Grant Supports the Evaluation of the Syn-One Test® to Help Clinicians Determine More Precise Diagnoses of Dementias at Early Stages of Cognitive Impairment
May 18, 2022 — Phoenix, AZ – CND Life Sciences, an innovative medical diagnostics company pioneering the detection, visualization, and quantification of protein deposition in cutaneous nerve fibers, has been awarded a $2.4 million Phase II Small Business Innovation Research (SBIR) grant from the National Institute on Aging (NIA) of the National Institutes of Health (NIH). This is the second NIH SBIR Phase II award for the company to study and advance the application of the Syn-One Test, the only commercially available test that uses skin biopsies to help clinicians distinguish between serious neurologic disorders, such as dementia with Lewy bodies (DLB) and Alzheimer’s disease.
“Millions of older adults experience mild cognitive impairment (MCI) and are at greater risk of developing a more serious form of dementia 5-10 years after the appearance of MCI symptoms,” said Todd Levine, MD, CND’s chief medical officer and principal investigator for the grant. “Understanding the type of dementia that is developing early in the disease course is becoming increasingly important, as novel drug therapies and other treatment interventions are finally becoming a reality.”
CND’s Syn-One Test uses small skin biopsies collected from a patient in a physician’s office to accurately identify the presence of misfolded, phosphorylated alpha-synuclein, the abnormal form of the protein that is the pathological hallmark of multiple neurological disorders including DLB. Patients with MCI and clinicians who treat them often are unable to predict the progression of disease and distinguish the type of dementia that may evolve. This lack of diagnostic certainty can lead to unnecessary tests, frustration by patients and caregivers, and suboptimal care.
“The study of CND’s Syn-One Test for patients in the early stages of cognitive impairment is an important and timely investigation for the dementias field,” said Angela Taylor, the Interim Executive Director of the Lewy Body Dementia Association (LBDA). “Too often people with Lewy body dementia are misdiagnosed or diagnosed very late in the disease course and do not receive proper treatment tailored specifically to their diagnosis or have the information needed to make important care planning decisions. Having a more definitive diagnosis earlier in the journey of people with progressive cognitive impairment will be a major advantage in the future to treat dementias effectively,” said Ms. Taylor.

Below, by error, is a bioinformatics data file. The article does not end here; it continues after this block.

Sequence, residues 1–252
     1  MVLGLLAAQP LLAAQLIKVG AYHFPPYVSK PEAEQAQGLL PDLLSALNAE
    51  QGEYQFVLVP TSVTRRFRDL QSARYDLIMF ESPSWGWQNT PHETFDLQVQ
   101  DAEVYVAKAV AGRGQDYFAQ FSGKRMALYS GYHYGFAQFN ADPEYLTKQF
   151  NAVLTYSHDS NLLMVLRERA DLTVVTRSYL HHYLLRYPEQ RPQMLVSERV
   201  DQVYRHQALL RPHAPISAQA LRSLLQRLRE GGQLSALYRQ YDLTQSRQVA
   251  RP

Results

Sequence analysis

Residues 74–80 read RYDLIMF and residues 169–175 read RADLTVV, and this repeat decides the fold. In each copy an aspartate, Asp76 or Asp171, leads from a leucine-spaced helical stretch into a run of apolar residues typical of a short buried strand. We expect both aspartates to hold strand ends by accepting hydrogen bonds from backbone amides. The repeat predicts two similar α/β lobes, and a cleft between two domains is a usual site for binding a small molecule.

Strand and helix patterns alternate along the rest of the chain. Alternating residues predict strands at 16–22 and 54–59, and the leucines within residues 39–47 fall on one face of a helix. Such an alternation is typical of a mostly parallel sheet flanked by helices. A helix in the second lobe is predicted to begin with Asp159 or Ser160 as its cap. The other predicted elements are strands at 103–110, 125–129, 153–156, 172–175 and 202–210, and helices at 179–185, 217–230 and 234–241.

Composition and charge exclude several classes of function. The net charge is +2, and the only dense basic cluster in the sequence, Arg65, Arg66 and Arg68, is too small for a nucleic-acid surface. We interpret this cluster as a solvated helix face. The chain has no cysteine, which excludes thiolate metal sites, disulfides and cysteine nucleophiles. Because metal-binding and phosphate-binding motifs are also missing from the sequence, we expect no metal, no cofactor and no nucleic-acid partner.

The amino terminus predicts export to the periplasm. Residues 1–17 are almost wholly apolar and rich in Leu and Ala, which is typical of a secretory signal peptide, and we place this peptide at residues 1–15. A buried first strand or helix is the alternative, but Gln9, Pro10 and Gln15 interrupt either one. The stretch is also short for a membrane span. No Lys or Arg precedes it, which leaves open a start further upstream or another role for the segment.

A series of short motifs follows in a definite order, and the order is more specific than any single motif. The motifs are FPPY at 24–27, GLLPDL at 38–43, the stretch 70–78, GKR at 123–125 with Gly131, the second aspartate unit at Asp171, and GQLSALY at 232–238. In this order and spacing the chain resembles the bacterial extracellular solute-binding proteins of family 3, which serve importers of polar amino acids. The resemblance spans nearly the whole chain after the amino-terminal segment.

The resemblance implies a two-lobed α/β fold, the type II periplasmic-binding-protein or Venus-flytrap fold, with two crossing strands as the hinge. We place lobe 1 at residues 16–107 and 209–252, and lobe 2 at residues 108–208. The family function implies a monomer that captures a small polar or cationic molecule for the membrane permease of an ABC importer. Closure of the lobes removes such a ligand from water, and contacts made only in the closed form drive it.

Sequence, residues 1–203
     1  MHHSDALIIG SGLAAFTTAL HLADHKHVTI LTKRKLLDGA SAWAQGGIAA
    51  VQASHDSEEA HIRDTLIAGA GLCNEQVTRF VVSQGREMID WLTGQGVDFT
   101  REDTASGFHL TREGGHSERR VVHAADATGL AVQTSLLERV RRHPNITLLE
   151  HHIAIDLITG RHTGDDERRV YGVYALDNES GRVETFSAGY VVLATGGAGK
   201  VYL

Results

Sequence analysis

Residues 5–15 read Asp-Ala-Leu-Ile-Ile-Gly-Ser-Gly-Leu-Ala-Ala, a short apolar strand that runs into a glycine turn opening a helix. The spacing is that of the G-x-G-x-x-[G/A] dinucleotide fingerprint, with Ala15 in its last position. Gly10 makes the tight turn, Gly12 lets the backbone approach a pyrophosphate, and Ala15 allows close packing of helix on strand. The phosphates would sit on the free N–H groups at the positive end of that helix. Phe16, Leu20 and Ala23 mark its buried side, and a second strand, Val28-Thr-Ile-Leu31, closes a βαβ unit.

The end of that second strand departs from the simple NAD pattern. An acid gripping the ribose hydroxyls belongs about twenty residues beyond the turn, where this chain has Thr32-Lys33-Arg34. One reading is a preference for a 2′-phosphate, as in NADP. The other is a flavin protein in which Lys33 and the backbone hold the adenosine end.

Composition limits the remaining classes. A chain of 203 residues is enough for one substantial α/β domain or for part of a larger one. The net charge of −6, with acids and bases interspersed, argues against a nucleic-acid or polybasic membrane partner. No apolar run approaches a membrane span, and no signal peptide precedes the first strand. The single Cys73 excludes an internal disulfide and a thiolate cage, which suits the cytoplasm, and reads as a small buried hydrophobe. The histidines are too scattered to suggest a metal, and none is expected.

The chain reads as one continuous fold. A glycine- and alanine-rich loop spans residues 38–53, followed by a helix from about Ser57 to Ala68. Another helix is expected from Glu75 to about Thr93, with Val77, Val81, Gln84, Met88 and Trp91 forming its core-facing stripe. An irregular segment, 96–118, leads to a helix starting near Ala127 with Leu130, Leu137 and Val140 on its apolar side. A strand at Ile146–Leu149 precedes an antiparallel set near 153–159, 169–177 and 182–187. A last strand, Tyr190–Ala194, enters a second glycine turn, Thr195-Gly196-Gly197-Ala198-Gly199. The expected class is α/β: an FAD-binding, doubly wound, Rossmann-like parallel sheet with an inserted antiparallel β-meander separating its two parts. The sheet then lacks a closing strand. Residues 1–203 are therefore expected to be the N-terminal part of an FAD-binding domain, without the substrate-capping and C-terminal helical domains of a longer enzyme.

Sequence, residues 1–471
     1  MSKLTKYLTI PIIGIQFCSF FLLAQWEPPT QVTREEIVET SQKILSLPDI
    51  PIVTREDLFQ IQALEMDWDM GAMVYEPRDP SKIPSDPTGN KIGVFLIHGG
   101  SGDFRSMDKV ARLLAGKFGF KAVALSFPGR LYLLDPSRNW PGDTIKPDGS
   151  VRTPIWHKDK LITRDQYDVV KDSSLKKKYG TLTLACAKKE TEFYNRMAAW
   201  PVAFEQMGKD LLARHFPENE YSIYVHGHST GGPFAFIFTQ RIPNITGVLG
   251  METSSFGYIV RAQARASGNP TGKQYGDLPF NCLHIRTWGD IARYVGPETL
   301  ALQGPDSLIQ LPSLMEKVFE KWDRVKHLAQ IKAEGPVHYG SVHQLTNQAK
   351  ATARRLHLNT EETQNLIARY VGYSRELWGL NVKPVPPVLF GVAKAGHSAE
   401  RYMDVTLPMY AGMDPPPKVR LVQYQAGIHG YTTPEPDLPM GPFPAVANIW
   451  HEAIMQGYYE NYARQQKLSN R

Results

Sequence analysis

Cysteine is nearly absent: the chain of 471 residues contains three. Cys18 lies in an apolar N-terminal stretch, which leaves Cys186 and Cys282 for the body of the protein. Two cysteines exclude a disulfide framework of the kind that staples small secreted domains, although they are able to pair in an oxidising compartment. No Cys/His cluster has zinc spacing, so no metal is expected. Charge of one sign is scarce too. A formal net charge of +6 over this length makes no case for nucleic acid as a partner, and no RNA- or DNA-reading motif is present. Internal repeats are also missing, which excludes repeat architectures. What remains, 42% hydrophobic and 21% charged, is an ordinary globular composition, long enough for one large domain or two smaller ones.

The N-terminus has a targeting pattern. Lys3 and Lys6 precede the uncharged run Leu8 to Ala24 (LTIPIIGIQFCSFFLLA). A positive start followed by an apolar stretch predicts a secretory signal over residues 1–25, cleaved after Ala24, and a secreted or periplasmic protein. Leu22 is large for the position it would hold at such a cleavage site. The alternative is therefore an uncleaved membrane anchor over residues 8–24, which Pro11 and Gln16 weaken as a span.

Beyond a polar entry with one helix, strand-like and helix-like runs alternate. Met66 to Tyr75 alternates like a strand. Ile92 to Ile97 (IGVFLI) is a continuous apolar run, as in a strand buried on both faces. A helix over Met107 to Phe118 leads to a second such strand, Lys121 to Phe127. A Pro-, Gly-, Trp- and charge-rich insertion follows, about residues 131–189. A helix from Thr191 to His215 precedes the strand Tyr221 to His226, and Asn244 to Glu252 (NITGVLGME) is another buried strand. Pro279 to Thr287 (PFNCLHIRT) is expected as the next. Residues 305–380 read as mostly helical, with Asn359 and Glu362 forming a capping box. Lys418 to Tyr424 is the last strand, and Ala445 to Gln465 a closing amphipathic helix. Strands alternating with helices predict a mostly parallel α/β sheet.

CND’s NIH SBIR award will allow the company to conduct an 80-patient, multicenter clinical study with leading neurologists and academic centers across the U.S. Leveraging CND’s unique cutaneous neurodiagnostic platform, the study aims to distinguish DLB from Alzheimer’s disease at the early stage of MCI. By receiving pathological confirmation of disease at a very early stage through the Syn-One Test, clinicians would be able to optimize patient care with appropriate treatments for the correct disease.
About CND Life Sciences and the Syn-One Test
Founded in 2017, CND Life Sciences is dedicated to supporting the care of patients facing the potential diagnosis of a neurodegenerative disease and other neurological conditions. Operating a CLIA-certified laboratory in Phoenix, Arizona, CND launched the Syn-One Test as the world’s first commercially available test to detect, visualize, and quantify phosphorylated alpha-synuclein located in cutaneous nerve fibers in 2019. The test, which analyzes small skin biopsies collected conveniently from the patient in a physician’s office, aids in the diagnosis of a synucleinopathy including Parkinson’s disease, dementia with Lewy bodies, multiple system atrophy, pure autonomic failure, and REM sleep behavior disorder. The Syn-One Test leverages a decade of published science from leading academic institutions in multiple countries and has demonstrated over 95% sensitivity and specificity. The company has research collaborations with multiple biopharmaceutical companies and in 2020 was awarded a previous NIH SBIR award to advance the validation and clinical utility of its Syn-One Test. For more information visit www.cndlifesciences.com.
There are over 20 million people in the US who suffer from movement disorders, cognitive impairment, autonomic dysfunction, and sleep disorders combined. A percentage of these patients exhibit signs and symptoms that may be indicative of a synucleinopathy, a group of serious neurodegenerative diseases including Parkinson’s and dementia with Lewy bodies, that universally feature a misfolded, abnormal form of the alpha-synuclein protein. For a portion of these patients, the absence of objective pathological proof makes a physician’s diagnosis and treatment choices difficult to determine with confidence. Published studies suggest that even the most experienced neurologists specializing in movement and cognitive disorders may misdiagnose these conditions at least 30% of the time early in the disease course when compared to gold standard autopsy studies.
Disclosure: Research reported in this publication was supported by the National Institute of Neurological Disorders and Stroke and the National Institute on Aging (NIA) of the National Institutes of Health under Award Numbers R44NS117214 and R44AG076072. The content is solely the responsibility of the authors and does not necessarily represent the official views of the National Institutes of Health.